Mom made an announcement every time we entered a new state. I first saw Spanish moss when we were in Georgia. It was exquisitely beautiful, airy, and graceful. The trees were dressed in gossamer drapes of silvery-green lace that drooped to the ground in masses of gauzy loveliness. I was transfixed, mesmerized by the splendor, but I noticed that trees that had the most luxuriant displays of Spanish moss often appeared to be sickly. They had many bare, black, leafless branches. My mother explained that Spanish moss was a parasite. Although beautiful, it saps the life from its host and eventually can harm the tree. This was another life lesson and was a clear metaphor for what real beauty demands; it’s not simply a graceful appearance, but a gracious nature.
We reached Lakeland in the late afternoon. It was uncomfortably hot and sticky but we were all very excited about seeing Grandma and Grandpa. When we finally arrived, my mother cried when she hugged her parents. I could tell she was tired but happy. Grandma made dinner and Grandpa sat in his favorite chair while he puffed on his pipe, making tiny clouds of bluish-gray, sweet-smelling smoke. After dinner, Grandma told Richard and me to go outside to play but ordered us to stay away from her fruit trees; we tried unsuccessfully.
There was a five & dime store directly across the street from my grandparents’ home. I went there with Mom to buy some ice cream. While there, my mother took me to the restroom and I was astonished to see that there were restrooms that were labeled “colored” or “white”. There were even two water fountains – one for “coloreds” and one for “whites”. Mom said that this is what was done in the South. We both stared at the water fountains for a while and I could tell that Mom was uncomfortable. I thought back to my atlas and realized that I might have, for the first time in my life, traveled to a different world. Mom uttered the word “prejudice” but I really didn’t understand or question at the time. I just used the correct bathroom. When I exited the toilet I furtively looked about, flirted with the idea of drinking from the “coloreds” water fountain and then running away, but finally decided against it, thinking that I could possibly go to jail if I broke the law.
The next morning Mom gave me a quarter and said that I could go to the five & dime all by myself to buy whatever I could purchase for 25 cents. I was in heaven! I got to cross the street myself and go shopping in this unfamiliar world. I scrutinized everything I saw. Everybody looked the same as Northerners. They wore the same clothes. Their behavior was the same. The commonplace was disappointing for this atlas-toting 8-year-old who yearned for the strange and alien. However, this blow was softened when I listened to the interesting southern dialect spoken by the other patrons in the store. I freely admit that I was a weird little kid, and I wandered about the store just listening and watching and making mental notes. I did choose a purchase – a tiny wooden clown that spun on a stick when I twirled the knob at its base. It cost 10 cents.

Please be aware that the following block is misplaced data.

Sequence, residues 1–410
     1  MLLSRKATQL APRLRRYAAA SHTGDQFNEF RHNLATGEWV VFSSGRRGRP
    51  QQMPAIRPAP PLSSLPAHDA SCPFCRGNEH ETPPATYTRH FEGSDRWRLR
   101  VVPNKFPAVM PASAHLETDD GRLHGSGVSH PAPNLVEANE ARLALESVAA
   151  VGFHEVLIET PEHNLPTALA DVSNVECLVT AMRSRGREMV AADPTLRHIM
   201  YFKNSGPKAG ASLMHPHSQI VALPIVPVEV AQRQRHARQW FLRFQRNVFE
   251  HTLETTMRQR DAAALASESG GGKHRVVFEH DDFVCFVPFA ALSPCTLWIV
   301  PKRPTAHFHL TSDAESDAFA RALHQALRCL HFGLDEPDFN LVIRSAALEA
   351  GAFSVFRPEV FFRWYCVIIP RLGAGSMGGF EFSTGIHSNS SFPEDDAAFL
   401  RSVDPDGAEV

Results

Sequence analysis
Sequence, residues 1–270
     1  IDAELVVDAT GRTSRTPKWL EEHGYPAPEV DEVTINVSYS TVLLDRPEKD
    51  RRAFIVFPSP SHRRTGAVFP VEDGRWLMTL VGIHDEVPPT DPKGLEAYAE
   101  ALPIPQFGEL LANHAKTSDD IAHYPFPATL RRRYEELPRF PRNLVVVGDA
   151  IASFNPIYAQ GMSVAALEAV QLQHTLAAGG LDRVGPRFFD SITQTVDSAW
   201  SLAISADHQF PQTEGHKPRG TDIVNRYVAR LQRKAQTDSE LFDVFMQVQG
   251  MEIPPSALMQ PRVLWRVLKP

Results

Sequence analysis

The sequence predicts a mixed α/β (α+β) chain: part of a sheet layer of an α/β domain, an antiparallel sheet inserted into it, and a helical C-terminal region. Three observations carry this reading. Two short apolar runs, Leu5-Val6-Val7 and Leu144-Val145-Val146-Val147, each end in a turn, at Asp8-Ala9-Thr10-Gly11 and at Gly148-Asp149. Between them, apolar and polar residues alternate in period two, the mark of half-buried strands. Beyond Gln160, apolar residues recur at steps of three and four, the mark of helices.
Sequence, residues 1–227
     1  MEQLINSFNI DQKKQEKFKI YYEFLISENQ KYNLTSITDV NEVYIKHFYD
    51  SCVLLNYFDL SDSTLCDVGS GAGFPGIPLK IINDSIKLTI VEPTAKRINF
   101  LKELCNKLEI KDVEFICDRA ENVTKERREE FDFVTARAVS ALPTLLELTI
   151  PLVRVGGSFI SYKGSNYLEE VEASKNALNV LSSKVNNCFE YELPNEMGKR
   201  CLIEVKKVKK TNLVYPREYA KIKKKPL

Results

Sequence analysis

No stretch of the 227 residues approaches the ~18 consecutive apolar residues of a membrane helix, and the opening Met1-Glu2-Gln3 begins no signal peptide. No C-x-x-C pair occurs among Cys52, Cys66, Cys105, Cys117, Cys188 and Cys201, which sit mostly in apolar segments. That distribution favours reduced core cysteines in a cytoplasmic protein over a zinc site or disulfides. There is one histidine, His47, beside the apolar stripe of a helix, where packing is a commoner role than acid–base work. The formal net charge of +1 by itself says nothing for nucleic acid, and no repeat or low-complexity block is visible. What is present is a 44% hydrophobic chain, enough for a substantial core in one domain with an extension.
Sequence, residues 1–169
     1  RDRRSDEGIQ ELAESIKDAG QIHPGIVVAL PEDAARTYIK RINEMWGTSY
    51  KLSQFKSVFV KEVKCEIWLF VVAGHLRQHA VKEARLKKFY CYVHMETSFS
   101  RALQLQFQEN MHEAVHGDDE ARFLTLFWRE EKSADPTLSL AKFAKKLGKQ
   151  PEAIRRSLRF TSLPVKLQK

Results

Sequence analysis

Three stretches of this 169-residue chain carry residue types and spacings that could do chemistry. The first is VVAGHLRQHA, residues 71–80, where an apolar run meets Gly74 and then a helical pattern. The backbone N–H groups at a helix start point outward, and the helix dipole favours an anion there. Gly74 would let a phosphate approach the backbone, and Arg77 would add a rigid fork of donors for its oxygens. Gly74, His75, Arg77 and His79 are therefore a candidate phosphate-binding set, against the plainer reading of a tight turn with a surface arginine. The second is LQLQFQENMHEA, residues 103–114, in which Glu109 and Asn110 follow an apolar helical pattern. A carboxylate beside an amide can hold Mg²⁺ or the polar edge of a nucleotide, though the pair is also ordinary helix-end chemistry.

I went to the check-out line. It was moving slowly, but I had fun playing with my wooden clown. Suddenly, a woman in front of me turned and saw me. “Oh, I’m so sorry!” she said. Then she got in back of me in the line. I froze. What did I do? I thought I must have made some terrible cultural faux-pas (still my particular speciality). The atlas girl abruptly felt very uncomfortable. I remained silent, waited in line, paid for my toy, and ran home.
I explained the situation to my mother. I was confused. Why did the lady apologize to me and let me go ahead of her? The woman was black. Even though she was an adult and I was a child, and even though she entered the line first, she felt that she needed to be deferential to me – a child playing with a toy and paying no attention to anything else – simply because I was white. Mom mentioned the word “prejudice” again. She explained it to me and told me that it was nonsensical, but I didn’t completely grasp the full meaning. “Why do people in the South do that, Mom?” “Because everyone in the South is crazy.” Suddenly I got it. I knew precisely what prejudice was and why it was nonsensical. I just heard it right from my mother! This was another great life lesson taught by my mother who meant well but had no idea how funny she was!
P.S. She didn’t really mean it.